Let’s imagine you are a product owner and you have what some clients call “a killer
app” - nice design, custom illustrations, and it's functional and user friendly.
Altogether, it works like a swiss watch.
But have you ever asked yourself - “Would anything change if your product did not
exist? Would users find another solution? Would they look for any other equivalent
“What problem does my product solve?” - this is the initial question for all
stakeholders. But very often they are too preoccupied with the second part of the
question “My product solves.” What if we take a step back and focus on the first
part - “What problem?”
Why defining a problem is a key thing
Sometimes it is not that easy to define a problem. It can be a tricky process because it
requires digging, deep research, analysis, seeking, and serious thinking through, unlike
aimless ideas and hypotheses which easily enter our minds.
But the thing is, when the problem is revealed, it gives us the opportunity to look at
it from different angles. We can release our minds from biased thinking and feel free to
be innovative, creative and original. Therefore, if all our mental forces are directed
towards a particular problem, all ideas and solutions will more likely hit the target.
It is important to brainstorm with a team because, even when you think the solution is
found, it might not be a good decision in the opinion of other team members. Some
features can take too much time to implement and it won’t be worth it in the end. Or,
different development technologies require a particular way for the design creation
process. All these details can be a real pain if they're not discussed at the initial
stage with a team. Software development is a team game.
Moreover, team brainstorming can bring more features to your product. A feature is just a
part of your product functionality, but when two similar products solve the same problem
a specific can become the reason a user will prefer one over the other. So, one feature
could be the crucial thing, which can give you an advantage over a competitor.
Sometimes we compile a backlog of features that our competitors already have, only
because we think that nowadays this goes without saying. But users don’t use many of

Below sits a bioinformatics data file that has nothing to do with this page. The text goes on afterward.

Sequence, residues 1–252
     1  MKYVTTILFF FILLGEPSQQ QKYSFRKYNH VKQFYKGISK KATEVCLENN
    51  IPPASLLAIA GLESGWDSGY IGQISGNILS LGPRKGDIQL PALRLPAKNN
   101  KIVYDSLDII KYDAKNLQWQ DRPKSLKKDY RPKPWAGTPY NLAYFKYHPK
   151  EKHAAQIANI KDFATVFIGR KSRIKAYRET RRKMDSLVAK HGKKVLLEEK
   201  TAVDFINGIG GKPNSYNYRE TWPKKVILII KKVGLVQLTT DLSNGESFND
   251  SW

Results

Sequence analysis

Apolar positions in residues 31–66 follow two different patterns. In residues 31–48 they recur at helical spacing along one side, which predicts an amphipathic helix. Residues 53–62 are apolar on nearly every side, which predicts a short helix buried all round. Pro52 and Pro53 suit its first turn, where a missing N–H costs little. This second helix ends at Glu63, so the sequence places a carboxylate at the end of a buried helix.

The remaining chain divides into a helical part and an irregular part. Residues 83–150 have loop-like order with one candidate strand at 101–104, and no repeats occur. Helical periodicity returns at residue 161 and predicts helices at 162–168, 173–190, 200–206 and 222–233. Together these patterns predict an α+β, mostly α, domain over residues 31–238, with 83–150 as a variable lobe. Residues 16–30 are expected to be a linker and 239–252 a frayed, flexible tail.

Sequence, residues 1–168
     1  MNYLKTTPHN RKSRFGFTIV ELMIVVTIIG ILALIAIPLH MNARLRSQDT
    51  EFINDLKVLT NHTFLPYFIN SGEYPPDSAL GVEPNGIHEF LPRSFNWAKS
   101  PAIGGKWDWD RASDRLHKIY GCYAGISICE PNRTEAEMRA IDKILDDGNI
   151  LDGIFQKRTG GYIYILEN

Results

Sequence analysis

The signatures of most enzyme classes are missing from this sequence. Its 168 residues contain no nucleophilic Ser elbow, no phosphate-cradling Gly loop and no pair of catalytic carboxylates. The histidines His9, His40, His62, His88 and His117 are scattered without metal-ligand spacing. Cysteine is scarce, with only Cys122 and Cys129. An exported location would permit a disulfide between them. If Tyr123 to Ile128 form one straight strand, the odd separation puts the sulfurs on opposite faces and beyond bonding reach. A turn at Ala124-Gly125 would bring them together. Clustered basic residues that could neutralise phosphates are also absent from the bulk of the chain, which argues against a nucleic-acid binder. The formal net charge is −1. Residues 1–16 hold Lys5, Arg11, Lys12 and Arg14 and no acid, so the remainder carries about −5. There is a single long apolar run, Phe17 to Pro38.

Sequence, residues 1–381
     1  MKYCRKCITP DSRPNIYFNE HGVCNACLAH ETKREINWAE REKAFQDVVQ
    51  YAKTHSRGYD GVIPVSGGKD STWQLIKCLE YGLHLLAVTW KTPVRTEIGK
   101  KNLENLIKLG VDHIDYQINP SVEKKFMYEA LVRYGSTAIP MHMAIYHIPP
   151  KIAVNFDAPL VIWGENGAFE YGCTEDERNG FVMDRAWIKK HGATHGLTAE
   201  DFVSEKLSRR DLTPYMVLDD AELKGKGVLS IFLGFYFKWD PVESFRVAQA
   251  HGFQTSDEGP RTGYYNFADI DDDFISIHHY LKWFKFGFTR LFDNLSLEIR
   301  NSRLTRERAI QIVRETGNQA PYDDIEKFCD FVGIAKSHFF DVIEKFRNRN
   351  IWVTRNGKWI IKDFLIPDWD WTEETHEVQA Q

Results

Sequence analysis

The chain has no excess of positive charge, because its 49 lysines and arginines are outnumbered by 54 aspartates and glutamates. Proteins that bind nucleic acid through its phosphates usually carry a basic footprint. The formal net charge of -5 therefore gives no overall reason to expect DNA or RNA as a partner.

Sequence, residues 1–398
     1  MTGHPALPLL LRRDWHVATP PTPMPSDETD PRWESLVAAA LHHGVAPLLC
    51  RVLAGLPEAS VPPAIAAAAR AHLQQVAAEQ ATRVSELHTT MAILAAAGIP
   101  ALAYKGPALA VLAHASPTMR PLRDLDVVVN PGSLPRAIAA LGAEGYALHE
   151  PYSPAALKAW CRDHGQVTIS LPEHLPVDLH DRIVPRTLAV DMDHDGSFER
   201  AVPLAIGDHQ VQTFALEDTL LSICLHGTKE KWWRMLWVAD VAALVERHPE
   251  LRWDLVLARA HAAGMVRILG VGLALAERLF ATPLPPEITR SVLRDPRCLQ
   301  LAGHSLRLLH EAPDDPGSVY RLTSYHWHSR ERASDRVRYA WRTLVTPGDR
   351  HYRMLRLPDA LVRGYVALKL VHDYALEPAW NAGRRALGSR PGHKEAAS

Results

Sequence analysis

them because they just don’t need them. Instead of implementing a feature and trying to
explain what problem it solves, wouldn't be better if we focus on the problem?
Any development costs money, so if the feature is not really useful. It simply means that
the business loses money.
So, how can we be sure that we really solve our user’s problem
when implementing features, and it’s not just another fancy button?
How to find our user’s pain
If you took any User research courses you’ve probably already heard this famous quote,
which is often attributed to Henry Ford: “If I had asked people what they wanted, they
would have said faster horses.” It means that sometimes our users can’t articulate their
problems and simply don’t know what they need. If they did, we wouldn’t spend our time
trying to define their problem.
Very often we ignore the User research phase because we have some assumptions which we
believe can work out. But then we go to another extreme - associating ourselves with our
users and designing products for us. Most likely our customers may have another opinion.
Today there are many UX research techniques that help to improve our understanding of the
user’s needs. It’s up to you which one you choose:
● Observations (process of closely observing or monitoring a user's natural
without interrupting them);
● Field studies (participant observation in their natural
environment, where they would most likely face the product or service);
● Interviews (one-on-one discussion helps understand what the participant thinks
about the topic);
● Diary/Camera Studies (participants use the device to record and describe
situations that are relevant to a product or service);
● Card Sorting (users organize
items into groups and divide them into categories. This method is useful when it comes
to defining information architecture);
● Surveys and Questionnaires (helps to gather a
lot of information about large and diverse group of users;
The more you explore your users at the beginning, the more precise and accurate it will
be. Now you can start designing first sketches, wireframes and clickable mockups based
on the research. These are also great tools for testing the first rough solutions.
It is important to keep on working with your users and get their feedback at all
A huge amount of similar products and features make them look less meaningful and
valuable. Besides, we spend a lot of time choosing which are most suitable for us from
among all of them.